The younger generation is an essential group to reach when engaging a local community in designing more resilient cities, as is the core of the SCORE project. There is an opportunity to include young people in the process. They have ideas for what they want their neighbourhoods to look like in the future. Unfortunately, adults and decision-makers have traditionally not been great at including them in the planning and design process.
Since it launched in 2011, Minecraft has been the best-selling computer game in history. Our SCORE team at UCD has been developing the use of Minecraft to engage young people with climate change and how their local area can adapt to it using Ecosystem-Based Approaches. We use real world data to create custom Minecraft worlds. Everything from buildings to roads, trees and parks can be translated into the game.
The SCORE’s Minecraft workshops focus on giving kids a chance to use their skills in the game to redesign where they live in response to a variety of topics: active transport, park design, urban greening, ecosystem restoration, etc. Using the game allows participants to use their imaginations to address design problems but also lets them work in high levels of detail.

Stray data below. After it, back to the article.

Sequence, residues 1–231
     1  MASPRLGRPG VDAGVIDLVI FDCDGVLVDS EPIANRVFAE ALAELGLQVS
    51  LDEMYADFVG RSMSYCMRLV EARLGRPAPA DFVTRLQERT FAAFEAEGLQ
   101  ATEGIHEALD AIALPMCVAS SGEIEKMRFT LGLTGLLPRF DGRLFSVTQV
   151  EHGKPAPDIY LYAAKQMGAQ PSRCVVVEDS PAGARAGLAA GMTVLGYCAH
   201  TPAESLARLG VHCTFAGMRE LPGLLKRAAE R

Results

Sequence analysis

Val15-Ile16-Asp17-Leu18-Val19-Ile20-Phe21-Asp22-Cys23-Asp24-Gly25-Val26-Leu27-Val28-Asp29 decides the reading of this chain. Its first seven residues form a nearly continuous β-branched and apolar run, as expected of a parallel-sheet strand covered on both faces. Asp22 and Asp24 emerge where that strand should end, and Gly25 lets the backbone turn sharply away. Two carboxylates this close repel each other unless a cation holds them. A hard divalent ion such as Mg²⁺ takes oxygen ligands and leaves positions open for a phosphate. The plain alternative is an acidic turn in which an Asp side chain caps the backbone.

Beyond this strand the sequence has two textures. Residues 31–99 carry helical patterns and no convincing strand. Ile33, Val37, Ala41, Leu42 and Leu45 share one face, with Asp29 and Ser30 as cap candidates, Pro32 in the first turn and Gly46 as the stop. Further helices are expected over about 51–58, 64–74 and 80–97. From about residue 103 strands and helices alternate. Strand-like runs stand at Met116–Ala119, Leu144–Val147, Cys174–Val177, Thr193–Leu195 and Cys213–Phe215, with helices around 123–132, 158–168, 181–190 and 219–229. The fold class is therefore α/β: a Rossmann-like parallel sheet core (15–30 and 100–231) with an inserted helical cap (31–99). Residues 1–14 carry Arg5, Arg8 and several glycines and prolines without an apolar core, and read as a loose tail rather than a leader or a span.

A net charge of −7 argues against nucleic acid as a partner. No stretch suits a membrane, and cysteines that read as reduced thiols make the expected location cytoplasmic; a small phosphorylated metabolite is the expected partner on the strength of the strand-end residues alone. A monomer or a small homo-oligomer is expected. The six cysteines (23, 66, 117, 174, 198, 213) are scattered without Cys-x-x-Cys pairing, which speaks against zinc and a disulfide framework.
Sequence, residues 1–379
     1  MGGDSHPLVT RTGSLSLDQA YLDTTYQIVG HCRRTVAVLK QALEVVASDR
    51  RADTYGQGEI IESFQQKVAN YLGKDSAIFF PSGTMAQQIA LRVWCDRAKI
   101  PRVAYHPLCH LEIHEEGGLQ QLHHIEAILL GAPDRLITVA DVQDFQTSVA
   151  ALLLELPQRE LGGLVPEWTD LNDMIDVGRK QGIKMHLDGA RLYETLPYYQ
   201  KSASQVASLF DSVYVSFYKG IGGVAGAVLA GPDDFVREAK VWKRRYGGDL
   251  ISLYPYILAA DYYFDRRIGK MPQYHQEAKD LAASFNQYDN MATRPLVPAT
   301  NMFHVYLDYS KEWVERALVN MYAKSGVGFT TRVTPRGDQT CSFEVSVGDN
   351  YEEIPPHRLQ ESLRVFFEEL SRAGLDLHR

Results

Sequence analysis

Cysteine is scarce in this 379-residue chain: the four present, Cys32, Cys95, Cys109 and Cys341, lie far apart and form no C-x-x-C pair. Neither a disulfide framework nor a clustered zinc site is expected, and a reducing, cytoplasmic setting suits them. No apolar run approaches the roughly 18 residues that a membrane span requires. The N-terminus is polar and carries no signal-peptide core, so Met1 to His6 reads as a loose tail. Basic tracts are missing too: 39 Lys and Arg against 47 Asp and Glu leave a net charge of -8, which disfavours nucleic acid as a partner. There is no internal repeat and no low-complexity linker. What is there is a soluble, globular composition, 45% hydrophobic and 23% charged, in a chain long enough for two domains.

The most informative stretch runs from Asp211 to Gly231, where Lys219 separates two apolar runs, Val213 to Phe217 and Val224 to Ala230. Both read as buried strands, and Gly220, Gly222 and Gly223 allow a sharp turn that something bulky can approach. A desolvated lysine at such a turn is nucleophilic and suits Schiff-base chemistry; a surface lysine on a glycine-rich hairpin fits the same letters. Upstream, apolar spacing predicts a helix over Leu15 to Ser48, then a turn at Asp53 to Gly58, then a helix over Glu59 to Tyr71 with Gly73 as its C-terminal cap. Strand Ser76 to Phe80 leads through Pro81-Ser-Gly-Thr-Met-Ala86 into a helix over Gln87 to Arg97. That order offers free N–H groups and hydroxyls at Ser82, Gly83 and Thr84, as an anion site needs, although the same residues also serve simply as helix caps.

We have so far piloted these workshops with the SCORE’s Coastal City Living Labs (CCLL) in Massa (Italy), Dun Laoghaire and Sligo (Ireland). They each present a variety of different environmental challenges and an amazing range of responses from local young people:
- In Sligo, the SCORE team were shown an early model of the area around Rosses Point Beach and were given the chance to try the game
- UCD students and members of the public in Dun Laoghaire have worked on ways to adapt to coastal flooding and erosion along critical infrastructure
- Young people in Massa also worked on designing EBAs around the Port of Pisa to create coastal defences such as seagrass restoration, building rain gardens.
In the coming months, we will be debuting our workshops in more CCLLs where locals can use the game to tackle the challenges of climate change and demonstrate how they think their cities should adapt.